[First published in the monthly congregational Notes for October, 2018]
Anyone watching Australia over the past few months would doubtless conclude that we are a nation in crisis, and not only politically! It is not hard to find many examples where things are far worse than they once were, and the older we are the easier it is to find them!! So, what do we do about it? One common response is to look to the government, to push for new laws which (we are promised!!) will surely correct the situation. But new laws can only be a lasting solution if the problem was bad law to begin with. Another response is to call for changed school curricula to better educate our young, as if the problems are just of ignorance and a lack of resources. But knowledge on its own is no guarantee that it will be used properly. “Well then let us pass a law making it so,” and around we go again. It seems clear to us that the problem lies far deeper than political inaction or poor budgetary priorities. Ultimately it is one of conscience: no law constrains the will unless the will wills to be constrained!
Conscience is an integral part of our being human that flows from being made in the image of God. It is a tool for life, a God-given inner testimony to the fact that we all have a sense of right and wrong which is independent of oneself. A true conscience reminds us that we are not the makers of our own law or the crafters of our own ethic but are created to love and serve a righteous, holy God. It will warn us not to pursue wrong and when we have done wrong, will by evoking a sense of guilt, remind us of justice and the need for forgiveness and reconciliation And so the New Testament declares that a functioning conscience serves as a reminder of what we already know deep down, even if we cannot always express it (Rom 1:19-32; 2:14-15)! So to have a conscience is to have a very great blessing but as with all God’s blessings (as with all tools) there comes an accountability for its proper stewardship. We are to keep it from becoming weak (1 Cor 8:7ff) and to make sure that its witness to us is good and clean (1 Tim 1:5; 3:9) and properly directed towards God (1 Pet 2:19).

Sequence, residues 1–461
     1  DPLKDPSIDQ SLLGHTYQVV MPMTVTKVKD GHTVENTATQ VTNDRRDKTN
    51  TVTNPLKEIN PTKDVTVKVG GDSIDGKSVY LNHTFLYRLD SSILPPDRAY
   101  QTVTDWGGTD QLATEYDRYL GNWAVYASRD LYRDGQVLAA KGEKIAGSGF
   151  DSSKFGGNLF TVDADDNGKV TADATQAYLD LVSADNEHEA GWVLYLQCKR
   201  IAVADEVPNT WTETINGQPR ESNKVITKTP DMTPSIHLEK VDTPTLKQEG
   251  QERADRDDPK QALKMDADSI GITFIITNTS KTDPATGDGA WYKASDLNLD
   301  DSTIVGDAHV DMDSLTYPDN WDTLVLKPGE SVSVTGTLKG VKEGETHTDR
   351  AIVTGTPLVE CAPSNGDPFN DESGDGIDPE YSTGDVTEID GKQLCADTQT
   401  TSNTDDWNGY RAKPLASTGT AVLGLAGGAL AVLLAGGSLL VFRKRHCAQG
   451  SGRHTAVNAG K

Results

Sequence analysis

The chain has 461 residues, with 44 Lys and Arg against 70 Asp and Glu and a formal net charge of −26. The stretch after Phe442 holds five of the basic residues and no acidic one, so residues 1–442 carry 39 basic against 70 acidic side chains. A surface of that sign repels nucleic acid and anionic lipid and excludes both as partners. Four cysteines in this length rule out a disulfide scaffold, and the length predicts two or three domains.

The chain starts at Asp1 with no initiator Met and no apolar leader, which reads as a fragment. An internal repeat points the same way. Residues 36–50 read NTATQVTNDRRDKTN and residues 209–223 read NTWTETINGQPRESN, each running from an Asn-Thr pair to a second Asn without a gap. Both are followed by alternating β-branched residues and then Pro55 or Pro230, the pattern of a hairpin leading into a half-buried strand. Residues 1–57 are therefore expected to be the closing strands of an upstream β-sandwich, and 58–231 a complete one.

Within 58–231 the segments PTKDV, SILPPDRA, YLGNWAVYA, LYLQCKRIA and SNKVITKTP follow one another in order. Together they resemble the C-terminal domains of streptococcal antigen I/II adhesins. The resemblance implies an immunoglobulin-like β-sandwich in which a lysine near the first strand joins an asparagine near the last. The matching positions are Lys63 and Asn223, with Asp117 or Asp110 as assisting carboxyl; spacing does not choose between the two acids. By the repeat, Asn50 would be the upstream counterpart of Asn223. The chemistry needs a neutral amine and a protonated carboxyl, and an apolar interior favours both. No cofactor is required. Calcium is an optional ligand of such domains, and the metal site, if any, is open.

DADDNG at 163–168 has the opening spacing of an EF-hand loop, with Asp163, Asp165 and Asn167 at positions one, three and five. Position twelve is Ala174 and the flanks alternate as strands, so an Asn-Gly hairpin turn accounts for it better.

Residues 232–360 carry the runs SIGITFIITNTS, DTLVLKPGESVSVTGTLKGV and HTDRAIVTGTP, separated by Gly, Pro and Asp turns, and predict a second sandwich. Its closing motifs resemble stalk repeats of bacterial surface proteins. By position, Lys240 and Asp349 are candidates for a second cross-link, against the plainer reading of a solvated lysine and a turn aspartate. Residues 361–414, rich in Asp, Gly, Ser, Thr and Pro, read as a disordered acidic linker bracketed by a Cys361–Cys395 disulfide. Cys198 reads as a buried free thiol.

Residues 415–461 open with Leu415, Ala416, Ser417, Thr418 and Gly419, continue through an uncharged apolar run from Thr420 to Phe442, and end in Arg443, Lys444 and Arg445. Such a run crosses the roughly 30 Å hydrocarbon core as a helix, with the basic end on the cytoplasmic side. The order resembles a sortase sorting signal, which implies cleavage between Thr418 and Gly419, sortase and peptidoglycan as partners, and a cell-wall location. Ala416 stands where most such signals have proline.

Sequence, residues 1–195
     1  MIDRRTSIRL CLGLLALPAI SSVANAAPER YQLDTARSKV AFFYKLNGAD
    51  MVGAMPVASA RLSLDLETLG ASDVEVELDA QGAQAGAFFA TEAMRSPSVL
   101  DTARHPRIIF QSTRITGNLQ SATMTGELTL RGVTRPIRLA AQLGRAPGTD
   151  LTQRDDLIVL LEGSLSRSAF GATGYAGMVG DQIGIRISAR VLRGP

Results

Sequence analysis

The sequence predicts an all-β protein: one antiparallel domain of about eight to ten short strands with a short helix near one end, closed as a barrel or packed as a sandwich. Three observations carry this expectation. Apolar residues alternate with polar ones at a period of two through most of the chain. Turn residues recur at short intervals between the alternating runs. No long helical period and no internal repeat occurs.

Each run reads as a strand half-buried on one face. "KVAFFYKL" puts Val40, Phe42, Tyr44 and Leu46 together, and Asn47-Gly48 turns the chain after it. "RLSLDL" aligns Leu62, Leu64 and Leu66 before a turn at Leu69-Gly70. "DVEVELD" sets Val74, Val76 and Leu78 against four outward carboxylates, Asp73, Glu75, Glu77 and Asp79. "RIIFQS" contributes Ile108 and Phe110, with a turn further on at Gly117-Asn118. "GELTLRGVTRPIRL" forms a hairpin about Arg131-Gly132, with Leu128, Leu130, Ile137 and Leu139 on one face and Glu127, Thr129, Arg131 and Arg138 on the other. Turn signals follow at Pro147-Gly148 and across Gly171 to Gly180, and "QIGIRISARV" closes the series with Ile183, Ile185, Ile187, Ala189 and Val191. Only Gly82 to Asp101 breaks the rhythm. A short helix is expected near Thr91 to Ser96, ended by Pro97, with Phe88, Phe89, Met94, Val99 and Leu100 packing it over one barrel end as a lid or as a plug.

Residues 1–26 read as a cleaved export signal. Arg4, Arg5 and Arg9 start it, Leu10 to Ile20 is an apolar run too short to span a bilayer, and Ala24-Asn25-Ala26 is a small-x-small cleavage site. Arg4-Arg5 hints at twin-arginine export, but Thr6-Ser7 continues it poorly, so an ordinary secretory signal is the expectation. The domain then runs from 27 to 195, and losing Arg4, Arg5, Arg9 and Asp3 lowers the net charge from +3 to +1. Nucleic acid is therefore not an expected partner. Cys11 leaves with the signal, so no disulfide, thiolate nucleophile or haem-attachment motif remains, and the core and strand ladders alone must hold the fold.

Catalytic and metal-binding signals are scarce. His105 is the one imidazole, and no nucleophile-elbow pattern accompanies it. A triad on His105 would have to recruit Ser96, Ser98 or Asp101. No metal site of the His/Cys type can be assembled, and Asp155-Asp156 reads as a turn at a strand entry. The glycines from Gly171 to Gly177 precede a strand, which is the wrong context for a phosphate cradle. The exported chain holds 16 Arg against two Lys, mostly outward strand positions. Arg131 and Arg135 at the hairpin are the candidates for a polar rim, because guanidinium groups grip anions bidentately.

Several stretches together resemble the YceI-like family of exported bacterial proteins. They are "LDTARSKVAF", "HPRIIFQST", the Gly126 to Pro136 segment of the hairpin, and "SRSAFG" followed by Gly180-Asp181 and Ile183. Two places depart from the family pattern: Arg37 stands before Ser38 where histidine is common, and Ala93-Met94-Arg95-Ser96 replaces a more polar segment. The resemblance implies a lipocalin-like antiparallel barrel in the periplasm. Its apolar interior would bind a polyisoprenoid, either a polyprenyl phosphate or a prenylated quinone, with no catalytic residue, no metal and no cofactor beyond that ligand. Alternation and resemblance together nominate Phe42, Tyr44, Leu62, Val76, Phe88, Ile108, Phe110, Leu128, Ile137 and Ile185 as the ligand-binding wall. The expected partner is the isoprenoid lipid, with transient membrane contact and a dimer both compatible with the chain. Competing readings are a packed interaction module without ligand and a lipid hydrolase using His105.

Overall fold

It should not surprise us that one of the marks of our sinful condition is a perverse desire to re-calibrate the conscience according to an alternate set of right and wrong so that our guilt goes away—or at least becomes explainable without acknowledging God! Such a conscience is like a deliberately falsified compass: completely useless as a guide to anything. Instead of serving to restrain from sin, a perverted conscience will happily justify us in our wrong (1 Tim 4:2; Titus 1:15) and give false comfort that humanity by its own efforts can improve (Heb 9:14; 10:22). A perverted conscience is a serious thing because once that happens it can never improve itself but must rely on the gracious intervention of the Holy Spirit in light of Jesus Christ (Rom 9:1).
All this means that when a nation’s collective conscience has been persuaded away from God’s Moral Law, no amount of laws or education alone will turn it around. In fact, apart from either some gracious God-given restraint exercised through His general providence, or some great national repentance these “remedies” will only make things worse in the long run because they come from the same perverted spring.
It also means that the Christian who lives and acts according to a Christ-restored conscience, will stick out like the proverbial sore thumb! It cannot be otherwise, for one of the fruits of the Spirit is Self-Control in which the conscience plays an integral part. Our challenge is to show that only when hearts are submitted to Jesus Christ and His Law, will our society return to what we had, and make it even better. For this we must certainly pray, and for this we must certainly live.